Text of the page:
Can Iraq reform politically in a way that puts the onus of governance on local authorities, regardless of how and to whom they pray? Yes. Iraqis would accept administrative federalism, with certain caveats from the Kurds. Are the Iranians a panacea? No. To rely on Iran is like treating an ingrown toenail with a deadly dose of radiation. But are all the Shi’ites pro-Iranian puppets? No, although Americans treating them as such could result in a self-fulfilling prophecy. The fact of the matter is that Sunni refugees from Al-Anbar and even Mosul prefer to be in Najaf and Karbala than in Kurdistan, because Shi’ite sectarian discrimination isn’t as ingrained as the ethnic discrimination practiced in Kurdistan. Tales of looting and lynching in Tikrit turned out to have been wildly exaggerated. As the Sunni government in Tikrit renewed its function after that city’s liberation, one of the first things they did was work to build a memorial to all of those Shi’ites massacred by the Islamic State at Camp Speicher.

When advising the Iraqi government, Israeli government or, for that matter, the Egyptian and Tunisian governments or any other state struggling against Islamist terrorism, it would behoove American policymakers, diplomats, and generals to consider a simple question: Would the same advice applied to the United States enhance the U.S. fight against terrorism, or would it at best miss the point and at worst exacerbate conflict? Because ideology and not grievance drives Islamist terrorism, the anecdote must address that ideology and not simply seek to paper over grievance. And if the fallacy of an ideology cannot be immediately exposed, then the only answer is to kill the ideologues rather than tilt at windmills.

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Technology is No Substitute for Troops: Donald Rumsfeld Replies

Last week, our Max Boot wrote to disagree with a New York Times column that supported Pentagon budget cuts and praised former Secretary of Defense Donald Rumsfeld’s position on transformation of the military. Mr. Rumsfeld has written us to reply:

I was amazed to read in Max Boot’s blog post, “Technology is No Substitute for Troops,” that “Rumsfeld was actually planning to cut two divisions from an army which had already been cut by one-third since the end of the Cold War.” That is flat wrong. There was not any plan to cut the size of the U.S. Army that I was ever aware of. No such plan was ever presented to me. Further, I would not have supported it if such a plan had been brought to me. Nor have I ever uttered the words that “technology is a substitute for troops.”

When I arrived at the Pentagon in 2001, my focus was on increasing the budget for the Defense Department to undo the damage that cuts in the 1990s had inflicted on our Armed Forces. That included investing in technologies such as UAVs and precision guided munitions, and considerably strengthened our special forces—in numbers, equipment and authorities–but also increasing the size of our ground forces as necessary. Indeed, in 2004 and 2006, we increased the end strength of both forces by tens of thousands of troops.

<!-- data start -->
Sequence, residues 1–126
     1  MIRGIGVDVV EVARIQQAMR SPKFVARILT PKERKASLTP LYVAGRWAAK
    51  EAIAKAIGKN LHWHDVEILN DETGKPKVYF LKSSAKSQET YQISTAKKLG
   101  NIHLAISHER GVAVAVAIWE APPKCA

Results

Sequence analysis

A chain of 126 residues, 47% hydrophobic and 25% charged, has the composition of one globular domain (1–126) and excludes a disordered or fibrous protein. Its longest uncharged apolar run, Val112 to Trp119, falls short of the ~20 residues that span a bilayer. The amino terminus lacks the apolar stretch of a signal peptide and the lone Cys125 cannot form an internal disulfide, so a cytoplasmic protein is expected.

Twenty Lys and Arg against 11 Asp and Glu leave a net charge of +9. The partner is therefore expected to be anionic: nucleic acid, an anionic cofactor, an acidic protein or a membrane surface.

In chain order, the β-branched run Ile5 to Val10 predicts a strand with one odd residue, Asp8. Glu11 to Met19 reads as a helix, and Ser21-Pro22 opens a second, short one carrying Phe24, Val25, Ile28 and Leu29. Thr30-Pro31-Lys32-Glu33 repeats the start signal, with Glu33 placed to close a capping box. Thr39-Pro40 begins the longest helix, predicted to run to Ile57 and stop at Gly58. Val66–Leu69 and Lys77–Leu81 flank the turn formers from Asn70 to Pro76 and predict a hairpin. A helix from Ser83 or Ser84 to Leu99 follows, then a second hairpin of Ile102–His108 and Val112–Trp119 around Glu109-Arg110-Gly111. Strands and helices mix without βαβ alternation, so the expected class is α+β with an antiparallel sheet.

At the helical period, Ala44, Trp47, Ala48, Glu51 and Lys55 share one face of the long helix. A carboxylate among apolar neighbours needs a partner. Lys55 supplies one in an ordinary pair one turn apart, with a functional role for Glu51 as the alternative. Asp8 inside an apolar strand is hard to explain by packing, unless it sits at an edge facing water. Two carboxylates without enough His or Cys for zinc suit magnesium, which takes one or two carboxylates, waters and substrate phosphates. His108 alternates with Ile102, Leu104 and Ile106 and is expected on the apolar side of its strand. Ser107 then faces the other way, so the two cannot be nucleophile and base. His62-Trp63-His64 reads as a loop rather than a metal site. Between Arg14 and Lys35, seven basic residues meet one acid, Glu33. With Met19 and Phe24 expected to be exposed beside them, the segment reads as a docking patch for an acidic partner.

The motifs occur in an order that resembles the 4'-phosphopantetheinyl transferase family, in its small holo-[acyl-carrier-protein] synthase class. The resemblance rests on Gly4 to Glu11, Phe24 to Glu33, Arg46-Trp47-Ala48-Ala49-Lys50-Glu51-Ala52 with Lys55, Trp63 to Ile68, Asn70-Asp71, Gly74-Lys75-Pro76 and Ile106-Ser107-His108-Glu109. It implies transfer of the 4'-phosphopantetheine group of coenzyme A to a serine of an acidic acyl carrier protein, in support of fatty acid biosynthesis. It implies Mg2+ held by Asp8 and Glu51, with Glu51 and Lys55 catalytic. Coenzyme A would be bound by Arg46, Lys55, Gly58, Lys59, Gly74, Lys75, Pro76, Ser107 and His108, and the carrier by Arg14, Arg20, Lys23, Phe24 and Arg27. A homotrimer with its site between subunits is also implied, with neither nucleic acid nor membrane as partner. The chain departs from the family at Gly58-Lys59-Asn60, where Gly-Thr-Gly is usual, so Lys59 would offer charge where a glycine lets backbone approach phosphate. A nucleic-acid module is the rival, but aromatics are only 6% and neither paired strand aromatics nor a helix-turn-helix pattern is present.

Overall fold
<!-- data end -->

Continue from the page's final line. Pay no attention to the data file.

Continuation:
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Last week, our Max Boot wrote to disagree with a New York Times column that supported Pentagon budget cuts and praised former Secretary of Defense Donald Rumsfeld’s position on transformation of the military. Mr. Rumsfeld has written us to reply:

I was amazed to read in Max Boot’s blog post, “Technology is No Substitute for Troops,” that “Rumsfeld was actually planning to cut two divisions from an army which had already been cut by one-third since the end of the Cold War.” That is flat wrong. There was not any plan to cut the size of the U.S. Army that I was ever aware of. No such plan was ever presented to me. Further, I would not have supported it if such a plan had been brought to me. Nor have I ever uttered the words that “technology is a substitute for troops.”

When I arrived at the Pentagon in 2001, my focus was on increasing the budget for the Defense Department to undo the damage that cuts in the 1990s had inflicted on our Armed Forces. That included investing in technologies such as UAVs and precision guided munitions, and considerably strengthened our special forces—in numbers, equipment and authorities–but also increasing the size of our ground forces as necessary. Indeed, in 2004 and 2006, we increased the end strength of both forces by tens of thousands of troops.

Boot, apparently with no documentation to support his misguided allegations, then attributes a view to me that is preposterous: “Slash ground forces to the bone, they argue–we’ll never need to fight another major ground war again.” His assertion flies in the face of the facts. During my two tenures as secretary of defense, I never advocated reducing the size of ground forces, nor was I ever asked to approve a plan to do so. In the process of writing my memoir, I have scoured hundreds of thousands of documents, many of which have been made public at www.rumsfeld.com, and not one even hints at the idea that I favored cutting ground forces. 

Donald Rumsfeld